Even on a three-day trek, there is no room - it seemed to me - for leisurely walking. There is a daily minimum distance that must be covered and because this is not Nepal with guesthouses every few kilometres or so, trekkers don’t have a choice in the matter. It is the designated lunch and overnight stops or bust.
Which is a pity because few things compare to sitting under a tree on a hill or staring out across padi fields or watching buffalo graze and villagers go about their day.
Such encounters made the trek that much more perfect.
Myanmar's land is so fertile and climate so varying that most things could grow here. From tomatoes and strawberries to padi and ginger.
The second day’s trek proved a bit too arduous for us. We aren’t urban couch potatoes, but I believe no one truly grows accustomed to humid heat. We were descending slightly from the mountain ridges and rain clouds loomed.
Already behind schedule, we stopped for tea in Pinnwe, a Paoh* village in the scorching noon day heat. In spite of a frosty reception, negotiations ensued and three scooters were hired to take Marc, Kenneth our guide and me to our lunch stop, the Danu village of Konehla.
The ride saved us an hour of walking, but we lost nothing in terms of view. It’s a completely different vantage point on the back of a motorbike and no less breathtaking.
We’ll have to keep these memories in our heads because the bumpy country dirt roads made it more important for us to hold on to our pillion seats than to wield a camera.
The scooters proved to be a gem of an idea because shortly after we arrived at Konehla, our lunch stop, it poured. Apparently, the rain was a little unexpected, it being the tail-end of February, and we weren’t sure how long we’d be in the village. The dark clouds seemed to fill the sky.
Fortunately, the rain passed and we were able to resume our trek. We were quite a bit delayed by this time, but the Sun had come back out and we powered our way to our homestay for the night in Paudu, a Paoh village.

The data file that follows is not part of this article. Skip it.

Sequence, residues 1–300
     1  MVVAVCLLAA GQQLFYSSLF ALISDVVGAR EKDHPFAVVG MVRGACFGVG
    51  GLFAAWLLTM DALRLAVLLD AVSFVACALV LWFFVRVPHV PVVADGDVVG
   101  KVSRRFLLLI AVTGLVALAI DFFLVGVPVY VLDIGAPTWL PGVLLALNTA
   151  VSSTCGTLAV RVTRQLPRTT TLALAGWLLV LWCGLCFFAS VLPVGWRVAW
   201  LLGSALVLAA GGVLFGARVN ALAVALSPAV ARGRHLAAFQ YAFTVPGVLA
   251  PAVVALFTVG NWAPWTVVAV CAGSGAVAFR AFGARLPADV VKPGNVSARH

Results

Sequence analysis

Our guide, Kenneth, explained to us that the Paoh believe they are descendants of the Sun God and that their mother is a dragon. They typically dress in black but they wear bright turbans tied in a way that resembles a dragon’s head.
Our host for the night was U Long Gee (he pronounced “gee” with a hard “G” as in “glee” or “girl”). His house was clean and spartan and the outhouse was a hundred times more serviceable than many we had encountered along the way. His charming company, and that of his wife, made theirs a 6-star accommodation.
Perhaps it was the promise of a wash - the lack of running water in any of the villages made it impractical, at best, to shower - or a numbness in our feet - the toes in our shoes were bruised from the uneven terrain; whatever it was, we powered through the remainder of our trek. More green and humid than the mountains, we were travelling in the lowlands once again and in the direction of the waters of Inle Lake.
“Kenneth was the name that my English teacher gave me. She said it would be easy for people to remember,” says our guide whose birth name is Thet Naing Oo.
All of 23, well-spoken, smart and talented (he doubled up as cook on the trek), his future looks promising. We wish the same for his country.
Right: Kenneth saw us off safely onto a small boat that would take us to Nyaung Shwe just north of Inle Lake.
Paudu village, our last overnight rest stop of the trek.
About Christopher Hogwood:
Text: Carol | Photos: Marc